What’s the deal with intermittent fasting?

Nov 4, 2020 | Tara Schmidt | @taraschmidt | Comments (3)

Clock with hands made out of eating untencils

Written by Madison Hemer, Mayo Clinic Dietetic Intern

Intermittent fasting is an eating pattern that has set time periods of eating and set periods for not eating (fasting). It is often described as “cycles” of fasting, and has been used as a method for weight loss. There are several different types of intermittent fasting.

  • 5:2 Method – eat a normal, healthy diet for five days a week and the other two days eat a small meal (about 500 calories per day).
  • Alternate day fasting – this involves fasting every other day. On non-fasting days, eat a normal healthy diet.
  • Time-restricted eating – only eat during a set time period. For example, you may only eat during an eight-hour period by skipping breakfast, then eating lunch at noon, and supper before 8 p.m.

Some research has shown that intermittent fasting can be been beneficial in short-term weight loss, and could lower blood pressure, however little research has been done on any long-term health benefits or risks.

Wanting to start intermittent fasting?

  • Consider starting slow with time-restricted eating by cutting out nighttime snacking. Then start to limit your eating period each day. For example, start with an eating period from 8 a.m. to 6 p.m.
  • Experiment and personalize the diet to what works best for you.
  • When you do eat, make sure you are eating a well-balanced diet of fruit and vegetables, whole grains, and lean protein.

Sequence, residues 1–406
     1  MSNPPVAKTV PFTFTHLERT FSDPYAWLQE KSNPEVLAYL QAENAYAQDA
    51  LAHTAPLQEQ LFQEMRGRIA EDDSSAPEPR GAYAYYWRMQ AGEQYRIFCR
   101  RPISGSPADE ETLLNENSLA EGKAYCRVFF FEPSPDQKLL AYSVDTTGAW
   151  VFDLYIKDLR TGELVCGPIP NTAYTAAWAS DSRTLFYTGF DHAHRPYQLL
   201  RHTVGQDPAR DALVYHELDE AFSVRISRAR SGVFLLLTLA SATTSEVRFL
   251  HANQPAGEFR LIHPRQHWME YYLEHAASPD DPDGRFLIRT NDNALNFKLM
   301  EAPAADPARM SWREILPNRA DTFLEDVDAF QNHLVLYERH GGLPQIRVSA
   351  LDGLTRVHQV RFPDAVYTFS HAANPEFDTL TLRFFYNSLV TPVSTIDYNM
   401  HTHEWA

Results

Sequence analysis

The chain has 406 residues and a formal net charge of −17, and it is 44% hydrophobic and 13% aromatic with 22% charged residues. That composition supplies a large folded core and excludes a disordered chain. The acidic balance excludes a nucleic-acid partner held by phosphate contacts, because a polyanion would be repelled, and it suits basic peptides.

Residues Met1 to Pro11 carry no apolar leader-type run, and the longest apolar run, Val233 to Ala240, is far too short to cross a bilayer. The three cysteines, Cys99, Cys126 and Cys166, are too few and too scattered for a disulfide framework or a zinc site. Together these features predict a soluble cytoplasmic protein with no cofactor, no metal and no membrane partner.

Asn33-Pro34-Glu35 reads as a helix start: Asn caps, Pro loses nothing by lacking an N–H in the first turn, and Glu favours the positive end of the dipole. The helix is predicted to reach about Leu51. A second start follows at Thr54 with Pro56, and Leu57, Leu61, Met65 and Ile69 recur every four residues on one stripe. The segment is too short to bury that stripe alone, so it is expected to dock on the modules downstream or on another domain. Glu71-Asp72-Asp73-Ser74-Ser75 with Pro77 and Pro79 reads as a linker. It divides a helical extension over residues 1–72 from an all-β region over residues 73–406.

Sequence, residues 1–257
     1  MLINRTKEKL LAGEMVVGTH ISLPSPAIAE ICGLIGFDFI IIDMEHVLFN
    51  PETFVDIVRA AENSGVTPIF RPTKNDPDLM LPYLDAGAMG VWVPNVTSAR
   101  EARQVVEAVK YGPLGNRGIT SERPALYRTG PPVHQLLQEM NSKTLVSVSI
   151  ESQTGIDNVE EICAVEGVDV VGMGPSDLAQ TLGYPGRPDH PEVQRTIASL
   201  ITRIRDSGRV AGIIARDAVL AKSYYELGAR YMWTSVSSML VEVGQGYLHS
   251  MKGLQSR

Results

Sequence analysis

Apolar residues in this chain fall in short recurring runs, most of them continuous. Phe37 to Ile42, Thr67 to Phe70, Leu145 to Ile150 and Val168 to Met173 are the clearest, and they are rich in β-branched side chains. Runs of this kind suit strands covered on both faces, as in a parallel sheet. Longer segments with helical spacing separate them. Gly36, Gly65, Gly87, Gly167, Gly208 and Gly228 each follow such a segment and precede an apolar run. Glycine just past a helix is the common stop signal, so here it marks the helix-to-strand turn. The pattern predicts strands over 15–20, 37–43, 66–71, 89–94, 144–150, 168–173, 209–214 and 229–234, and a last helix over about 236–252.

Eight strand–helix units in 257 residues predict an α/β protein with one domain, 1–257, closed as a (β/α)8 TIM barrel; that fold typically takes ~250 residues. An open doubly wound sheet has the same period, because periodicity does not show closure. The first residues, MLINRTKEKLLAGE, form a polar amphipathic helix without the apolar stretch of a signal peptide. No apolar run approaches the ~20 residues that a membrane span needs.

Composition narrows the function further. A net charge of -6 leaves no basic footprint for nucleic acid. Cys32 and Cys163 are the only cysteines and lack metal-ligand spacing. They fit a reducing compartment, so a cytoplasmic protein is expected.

Intermittent fasting is not for everyone. Eating a calorie-controlled, well-balanced diet with regular exercise can be just as beneficial to promote weight loss. Intermittent fasting is not recommended for anyone who is pregnant, under 18, or has certain medical conditions, such as diabetes.

Interested in more newsfeed posts like this? Go to the Weight Management blog.

I have noticed, in the discussions of intermittent fasting, that the benefit of stimulating autophagy is rarely mentioned. I would encourage anyone interested in fasting to look up autophagy – it could serve some as a motivator to endure the discomforts of fasting, as it did for me.


Hello @tgdear23, Welcome to Connect. I wished I would have known about intermittent fasting when I was a lot heavier and a lot younger. I started my journey using intermittent fasting, time restricted eating version a few years ago after reading a health blog entry by @LeeAase - An Unfortunately Named Book: https://www.social-media-university-global.org/2020/02/an-unfortunately-named-book/. Since then it's allowed me to lose and maintain a more reasonable weight and feel a lot better. The video in the blog by Dr. Jason Fung was quite helpful for me in deciding to give it a try.

There is another discussion on the topic you might find interesting here:
--- Low-carb healthy fat living. Intermittent fasting. What’s your why?: https://connect.mayoclinic.org/discussion/low-carb-healthy-fat-living-intermittent-fasting-whats-your-why/

There are also many other discussions in the LCHF Living & Intermittent Fasting Support Group here: https://connect.mayoclinic.org/group/lchf-living-intermittent-fasting/.

Dr. Jason Fung also does a good job at explaining autophagy in this video


John, thank you for the links on this subject.

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